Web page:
For a variety of pedagogical reasons, faculty often bring guest speakers into their classes. We’ve rounded up a few perspectives on this tactic, below.
From Wayne-Daniel Berard: I invite guest speakers because the Humanities calls for an infusion of . . . Humanity! Especially in Religious Studies, we want to take all this out of the books or power points and meet real adherents, with real life experiences of their faith and its journey! So, for example, two guest speakers came to the Islam section of World Religions. One was a convert to Islam, who spoke about what had called him to this faith; the other was a young, very recent alumna, who spoke about being a Muslim woman. They were both fascinating!
Another example: Last term I taught a course on new and emerging concepts of God. One of these was “The Divine Feminine.” A dear friend came to speak, who is in the very new “Cohenate Program,” which seeks to bring about a priesthood for women in Jewish life! Very cutting edge, to say the least!
So, for me, guest speakers are an integral part of a Humanities curriculum. To do without them would be like teaching auto shop, but never getting in the car and actually taking a ride! What is the Humanities without actual humans?
From Dorrie Nang: This semester in my Storycorps class, I had a guest speaker during the second week of classes. Reverend Jonathan Scott, the chaplain at Day Kimball Hospital in Putnam, CT talked to the students about how to listen actively and make your subject feel heard. The students really valued his input and were curious to know what it is like to be with someone during their last moments of life. He was a captivating speaker and will be invited back to the class! I think he played a part in how well the students’ projects are developing this semester.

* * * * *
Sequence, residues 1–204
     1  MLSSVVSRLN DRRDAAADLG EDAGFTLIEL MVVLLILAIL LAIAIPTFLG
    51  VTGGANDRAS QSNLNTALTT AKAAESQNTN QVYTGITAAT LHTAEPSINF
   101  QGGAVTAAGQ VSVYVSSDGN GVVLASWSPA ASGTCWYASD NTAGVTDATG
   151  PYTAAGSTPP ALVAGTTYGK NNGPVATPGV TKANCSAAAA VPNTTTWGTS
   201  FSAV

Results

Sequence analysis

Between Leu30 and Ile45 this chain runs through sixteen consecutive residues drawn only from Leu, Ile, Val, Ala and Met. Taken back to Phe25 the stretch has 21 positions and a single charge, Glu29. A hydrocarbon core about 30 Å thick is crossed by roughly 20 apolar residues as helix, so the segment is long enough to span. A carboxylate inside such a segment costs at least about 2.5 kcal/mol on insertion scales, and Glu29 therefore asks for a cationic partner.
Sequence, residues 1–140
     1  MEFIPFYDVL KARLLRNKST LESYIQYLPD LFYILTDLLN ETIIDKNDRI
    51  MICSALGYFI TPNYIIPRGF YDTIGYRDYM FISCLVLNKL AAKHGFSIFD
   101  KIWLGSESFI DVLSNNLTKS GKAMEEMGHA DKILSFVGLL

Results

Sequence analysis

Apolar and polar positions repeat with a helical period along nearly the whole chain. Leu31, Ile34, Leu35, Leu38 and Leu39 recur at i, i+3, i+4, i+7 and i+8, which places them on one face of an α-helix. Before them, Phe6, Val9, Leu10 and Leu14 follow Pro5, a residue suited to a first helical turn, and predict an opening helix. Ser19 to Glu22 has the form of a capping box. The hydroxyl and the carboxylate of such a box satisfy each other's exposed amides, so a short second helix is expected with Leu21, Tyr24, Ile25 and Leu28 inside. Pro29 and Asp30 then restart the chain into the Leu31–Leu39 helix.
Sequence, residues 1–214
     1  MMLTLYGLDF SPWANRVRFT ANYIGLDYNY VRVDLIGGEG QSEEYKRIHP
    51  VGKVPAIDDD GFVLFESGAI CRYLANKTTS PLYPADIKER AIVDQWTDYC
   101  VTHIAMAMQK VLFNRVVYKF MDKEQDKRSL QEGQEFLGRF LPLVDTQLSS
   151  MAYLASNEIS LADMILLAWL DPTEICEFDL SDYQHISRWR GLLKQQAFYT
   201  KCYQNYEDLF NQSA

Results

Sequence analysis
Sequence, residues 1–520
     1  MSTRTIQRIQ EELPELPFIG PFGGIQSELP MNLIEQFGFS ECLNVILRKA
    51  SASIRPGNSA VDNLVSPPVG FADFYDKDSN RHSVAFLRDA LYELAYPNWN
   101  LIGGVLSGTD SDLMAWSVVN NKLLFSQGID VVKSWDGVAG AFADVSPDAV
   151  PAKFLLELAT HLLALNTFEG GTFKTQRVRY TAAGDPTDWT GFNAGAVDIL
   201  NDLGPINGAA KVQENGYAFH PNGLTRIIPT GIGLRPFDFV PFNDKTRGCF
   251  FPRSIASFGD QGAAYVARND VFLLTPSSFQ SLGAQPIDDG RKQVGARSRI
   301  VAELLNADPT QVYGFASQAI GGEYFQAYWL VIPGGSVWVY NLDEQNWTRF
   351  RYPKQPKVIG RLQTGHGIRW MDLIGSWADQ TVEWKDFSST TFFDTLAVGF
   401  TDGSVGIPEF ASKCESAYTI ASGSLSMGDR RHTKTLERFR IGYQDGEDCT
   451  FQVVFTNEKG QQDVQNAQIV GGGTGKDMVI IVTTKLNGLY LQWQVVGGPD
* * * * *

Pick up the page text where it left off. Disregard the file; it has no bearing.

I also recently had a guest speaker come in to my piano class. Kayla Daly is a board-certified music therapist and licensed mental-health counselor. She talked to the students about the uses of music therapy with patients dealing with: brain injuries, memory loss, PTSD and various other challenges. The student response is always very positive as required readings have dealt with music therapy and its advantages.
From Lisa Taylor: An author has a unique relationship to his or her writing, influenced by both life experience and personal aesthetic. Even when I’ve used the work of international authors, I’ve invited them into my classes via Skype. Most authors are happy to discuss their work with college readers. Because my students consistently enjoy this unique opportunity to peek behind the scenes and gain a different perspective, I try to do it every semester. Next week, the author, Ellen Meeropol (Kinship of Clover, On Hurricane Island) will visit my fiction class and a nonfiction class. We are using her book On Hurricane Island this semester. Students come up with questions to ask her–about the style of the book, the characters, the language, and the plot. This book is a thriller told from a multiple point-of-view. The author usually shares a bit about the writing process and the theme of the book. Since my students are working on their own stories, it is valuable for them to hear a different perspective. When I invited international writers on Skype, the students would also get a glimpse at cultural differences that included both traditions and language.